Freshman center Jeremiah Tilmon had been on campus fewer than three weeks when he was cited for possession of alcohol by a minor June 16 by University of Missouri police.
New Tigers coach Cuonzo Martin opted to handle the matter internally, according to a statement from the program, but he acknowledged the incident Monday when asked by The Star during the SEC Men’s Basketball Summer Teleconference.
“It’s a tough lesson for Jeremiah to learn, but we’ll continue to push forward and help him grow within it,” Martin said.
He declined to delve into specifics about any discussions with Tilmon, an East St. Louis (Ill.) graduate from Martin’s hometown.
“We have a lot of conversations with our guys and, for me, I don’t start having conversations when an incident takes place, if it takes place,” Martin said. “Luckily, I’ve been blessed. Everywhere I’ve been we’ve had successful young men on and off the court. But whatever we talk about, he knows what we talk about as a team and as a family. I talk to our guys about those things all the time.”
Asked if Tilmon — a 6-foot-10 prospect who averaged 15.3 points and 11.0 rebounds as a senior for the Flyers — was suspended, Martin said, “He’s a part of our team.”
Tilmon, who was ranked as the No. 42 player in the 2017 recruiting class by Rivals, is part of a vaunted crop of incoming talent expected to transform Mizzou, which finished 27-68 during the last three seasons.
Five-star forward Michael Porter Jr., who is the top prospect in the 2017 class, remains the centerpiece of the Tigers’ rebuilding effort, but Tilmon is an integral piece along with freshmen guards Blake Harris and C.J. Roberts.
“(We’re) working hard right now, going into our fourth week of summer school and workouts,” Martin said. “Things are going well. Guys are making progress. The energy’s good so, so far, off to a solid start. … I like our parts and I like our desire to be a good team. Individually, (the desire) to be great players with the time they’re putting in on the floor.”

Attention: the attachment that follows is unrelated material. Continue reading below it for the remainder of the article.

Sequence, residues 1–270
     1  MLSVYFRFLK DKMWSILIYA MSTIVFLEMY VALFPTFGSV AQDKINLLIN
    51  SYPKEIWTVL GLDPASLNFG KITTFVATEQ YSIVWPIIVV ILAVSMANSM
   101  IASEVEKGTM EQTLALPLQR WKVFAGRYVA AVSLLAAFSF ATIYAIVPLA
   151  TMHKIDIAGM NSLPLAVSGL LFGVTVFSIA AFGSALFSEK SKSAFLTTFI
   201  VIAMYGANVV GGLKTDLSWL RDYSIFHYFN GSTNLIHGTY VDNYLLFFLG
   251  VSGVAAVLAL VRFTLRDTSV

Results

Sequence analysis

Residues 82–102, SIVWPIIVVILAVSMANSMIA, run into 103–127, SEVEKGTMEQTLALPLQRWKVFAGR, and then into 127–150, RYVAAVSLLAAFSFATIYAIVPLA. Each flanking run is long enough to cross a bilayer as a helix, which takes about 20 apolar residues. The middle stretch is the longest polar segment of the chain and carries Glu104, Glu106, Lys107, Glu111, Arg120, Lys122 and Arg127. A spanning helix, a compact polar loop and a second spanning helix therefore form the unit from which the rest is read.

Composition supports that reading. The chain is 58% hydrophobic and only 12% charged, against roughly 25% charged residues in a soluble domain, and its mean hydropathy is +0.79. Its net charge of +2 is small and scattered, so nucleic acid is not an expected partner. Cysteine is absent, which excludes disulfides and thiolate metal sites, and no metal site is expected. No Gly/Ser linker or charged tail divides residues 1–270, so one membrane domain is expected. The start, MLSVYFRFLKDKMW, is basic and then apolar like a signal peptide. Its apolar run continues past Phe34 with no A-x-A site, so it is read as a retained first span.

That includes a returning core of players — forwards Jordan Barnett and Kevin Puryear along with guards Terrence Phillips, Jordan Geist and Cullen VanLeer — who drew high praise from Martin.
“With the guys that are returning, they’re wonderful young men,” Martin said. “They’re battle-tested. They’ve been through a lot and stayed the course. It speaks a lot to the character of these young men that had opportunities to go to some other schools after going through some tough seasons, but they stayed here and wanted to be a part of it.”
Right now, Martin said a primary focus during summer workouts involves individual defensive development.
“The biggest key for most young guys nowadays is one-on-one defense, and also that has a lot to do with the way the game’s officiated,” Martin said.
The emphasis on eliminating hand checks has put a premium on quick feet and anticipation.
“You have to be sound as far as your spacing and defending a guy but still be able to challenge his shot,” Martin said.
While fans’ hopes and dreams for 2017-18 are soaring, Martin still isn’t ready to saddle Mizzou with any expectations.
“We’re learning how hard we have to play to be a successful team,” he said. “ … Realistically, you’re talking about defend, rebound, play hard and play as a team. Those are the things that you can control night in and night out — to play as a team, to defend to the best of your ability, to play as hard as you can play, to rebound the basketball, to share the ball on the offensive side of the ball. But to give you numbers and specifics, there’s too many unknowns because we’re still going through it.”